I'm not as fond of Lola Montes as some; it's certainly a beautiful-looking movie, but while Ophuls handled CinemaScope better than most directors, I still think it cramped his style a bit. Directors who specialized in elaborate camera moves often lost a lot of their juice in 'Scope. For one thing, they couldn't move the camera as freely because the new lenses were hard to keep in focus, and in general they couldn't use all the tricks they had learned over the years for moving the camera fluidly; everything had to be re-learned for the new format. Also, there was an aesthetic concept, common among directors and film scholars alike in the '50s, that widescreen movies should de-emphasize cutting and camera movement in favor of static shots, allowing the viewer to see all the action at once.
Vincente Minnelli (the director who was most influenced by Ophuls) really suffered in the 'Scope format, his trademark camera moves becoming clunky and clumsy. But for me, another director whose work was hurt by 'Scope was Samuel Fuller. His visual style was built around camera moves: incredibly fast, barely-controlled movements that mirrored the fast pace and violence of the movies. (Scorsese would be the first to admit how much his own camera movements owe to Fuller's.) When Fox decreed that all its movies had to be in 'Scope, Fuller lost a lot of his visual juice, because many of his favorite moves were hard or even impossible to do. One thing he did a lot was moving the camera in very fast to go from a long shot to a close shot in a few seconds. But early 'Scope movies discouraged close-ups, and there would be tons of unused space on either side of the actor anyway. So compared to Pickup On South Street or The Steel Helmet, most of Fuller's 'Scope movies have rather timid camerawork.
As I said, Ophuls used CinemaScope much better than either of those directors, and he didn't let it stop him from moving the camera up and down and round about as usual. I think Lola Montes may even be part of the reason why French 'Scope movies had more fluid camerawork and looked better than their U.S. counterparts: young French directors like Truffaut and Demy, who worshipped Ophuls, learned how a 'Scope camera could do more than just staring at a bunch of people lined up in front of it. Still, Lola Montes -- to me -- seems a little stodgier than Ophuls' other costume pictures (in France, America and Germany).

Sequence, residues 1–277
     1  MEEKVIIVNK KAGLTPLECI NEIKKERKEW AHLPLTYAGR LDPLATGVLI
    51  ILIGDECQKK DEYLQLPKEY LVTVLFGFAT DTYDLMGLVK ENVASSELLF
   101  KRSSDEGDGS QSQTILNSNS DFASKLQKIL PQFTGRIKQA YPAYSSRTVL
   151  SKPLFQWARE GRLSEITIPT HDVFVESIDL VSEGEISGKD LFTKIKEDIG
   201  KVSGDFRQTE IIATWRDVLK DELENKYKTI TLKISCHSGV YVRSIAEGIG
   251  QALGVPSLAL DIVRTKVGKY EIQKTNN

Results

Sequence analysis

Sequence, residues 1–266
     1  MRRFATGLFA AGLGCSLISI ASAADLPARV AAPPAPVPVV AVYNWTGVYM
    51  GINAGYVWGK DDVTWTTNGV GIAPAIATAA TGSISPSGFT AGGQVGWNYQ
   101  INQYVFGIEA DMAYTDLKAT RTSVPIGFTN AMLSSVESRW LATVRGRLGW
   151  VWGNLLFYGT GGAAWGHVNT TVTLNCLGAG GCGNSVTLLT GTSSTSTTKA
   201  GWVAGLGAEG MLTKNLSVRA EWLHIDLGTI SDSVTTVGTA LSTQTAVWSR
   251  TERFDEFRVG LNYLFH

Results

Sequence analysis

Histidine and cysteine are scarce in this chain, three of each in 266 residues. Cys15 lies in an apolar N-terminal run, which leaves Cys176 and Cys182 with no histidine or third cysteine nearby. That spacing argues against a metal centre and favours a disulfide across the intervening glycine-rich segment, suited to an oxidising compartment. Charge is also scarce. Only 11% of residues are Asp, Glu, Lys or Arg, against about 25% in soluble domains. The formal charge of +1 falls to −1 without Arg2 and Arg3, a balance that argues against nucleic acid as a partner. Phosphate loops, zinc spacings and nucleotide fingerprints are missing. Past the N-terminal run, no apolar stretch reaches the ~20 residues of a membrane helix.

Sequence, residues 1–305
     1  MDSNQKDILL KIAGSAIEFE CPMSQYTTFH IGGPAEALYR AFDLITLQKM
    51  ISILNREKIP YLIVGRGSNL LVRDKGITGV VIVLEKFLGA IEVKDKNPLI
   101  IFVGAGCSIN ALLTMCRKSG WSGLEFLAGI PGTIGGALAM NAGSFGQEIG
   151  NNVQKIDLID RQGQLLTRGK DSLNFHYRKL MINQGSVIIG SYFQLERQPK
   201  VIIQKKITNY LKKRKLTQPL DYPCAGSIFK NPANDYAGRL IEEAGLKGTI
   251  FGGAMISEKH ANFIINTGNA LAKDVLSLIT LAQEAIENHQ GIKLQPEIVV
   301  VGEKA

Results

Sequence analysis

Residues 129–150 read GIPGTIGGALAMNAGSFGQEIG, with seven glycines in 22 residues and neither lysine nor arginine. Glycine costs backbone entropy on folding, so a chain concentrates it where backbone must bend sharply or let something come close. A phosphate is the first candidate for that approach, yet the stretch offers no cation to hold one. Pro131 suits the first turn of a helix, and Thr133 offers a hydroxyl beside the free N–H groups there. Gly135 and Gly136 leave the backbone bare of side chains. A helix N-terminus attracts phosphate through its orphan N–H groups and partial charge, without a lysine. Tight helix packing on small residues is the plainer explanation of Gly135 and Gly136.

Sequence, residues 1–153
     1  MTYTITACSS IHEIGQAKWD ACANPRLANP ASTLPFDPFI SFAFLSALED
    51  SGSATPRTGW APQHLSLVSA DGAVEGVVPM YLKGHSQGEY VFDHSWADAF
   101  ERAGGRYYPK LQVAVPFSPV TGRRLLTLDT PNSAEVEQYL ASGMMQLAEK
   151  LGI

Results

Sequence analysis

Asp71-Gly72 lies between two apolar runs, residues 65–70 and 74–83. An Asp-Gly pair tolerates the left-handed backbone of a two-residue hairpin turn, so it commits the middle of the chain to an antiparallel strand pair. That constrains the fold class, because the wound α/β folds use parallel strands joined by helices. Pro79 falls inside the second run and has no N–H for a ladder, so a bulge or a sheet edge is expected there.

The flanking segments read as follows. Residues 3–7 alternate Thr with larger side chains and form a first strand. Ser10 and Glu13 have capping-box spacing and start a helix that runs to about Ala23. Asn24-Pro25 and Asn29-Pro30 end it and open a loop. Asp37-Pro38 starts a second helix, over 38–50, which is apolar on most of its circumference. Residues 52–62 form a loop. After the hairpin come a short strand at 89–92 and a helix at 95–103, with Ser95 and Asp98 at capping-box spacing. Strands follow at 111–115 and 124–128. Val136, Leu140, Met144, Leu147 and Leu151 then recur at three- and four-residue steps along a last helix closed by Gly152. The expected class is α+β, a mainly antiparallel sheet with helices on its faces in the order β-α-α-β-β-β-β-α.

Also, Criterion is releasing a bare-bones boxed set of all the Gabriel Pascal/Bernard Shaw films after Pygmalion. Since Criterion's own Pygmalion DVD is also bare-bones, I'd have much preferred it if they'd included all four films in one box, but it's still worth getting. None of them are as good as Pygmalion, because Pascal insisted on directing Major Barbara and Caesar and Cleopatra himself, leading to movies that were slow and stagy (which Pygmalion isn't). But Major Barbara has an excellent cast and does a pretty good job of conveying the subversive message of the play, an attack on the complacency of charitable organizations and the way they accept (and even encourage) poverty instead of attacking the problem at its root.
These late '70s and early '80s stories are a little different from both the classic-era stories and the later ones (he later brought back characters like Mad Doctor Doom and Ambrose, who are absent here), but all told they were probably his best work since the mid-'60s. (You can tell he was involved and interested because he didn't overload them with puns; there are a few puns in each story, but when he wasn't interested in a script, half of it would be puns.) Certainly this story, which appeared in Little Archie # 163 sandwiched between two unexciting Dexter Taylor stories, is one of my favorites. Strangely, Little Archie doesn't have a speaking role in it, although he could easily have played the lead in this story. But teaming Bolling's version of Ronnie (who is a little spoiled but nicer than the older version) with Sue Stringly, his favorite post-'60s character, makes for some unusual dynamics. (Okay, it's maybe uncomfortably close to my least favorite relationship in history, Richie Rich and Freckles, but to be fair, Ronnie actually helped Sue's dad get a job in an earlier story, so it's not quite as bad.) And Bolling's fascination with animals, weather and times of day -- as someone pointed out, he's careful to distinguish not only between morning and evening, but all kinds of different times during a typical day -- have never been more apparent.
Sue Stringly had appeared only once in the classic '50s-'60s run, in the story "Sled With a Mission" (with her brother Bobby, who never appeared again, though he was mentioned once or twice). Bolling brought her back in his very first Little Archie "comeback" story. Her new design was sort of half Big Ethel and half his old character Evelyn Evernever. She became the poor girl who is in touch with nature and the animal world, and opens up the other characters to seeing the world her way (which includes her belief in elves and her belief that the stars are giant pearls). She's probably based on the poor-but-noble kids in Dickens, like Tiny Tim or Little Nell. But she's a much more tolerable character than that description makes her sound; she has some humor and (in some stories, not this one) even a bit of misguided pride.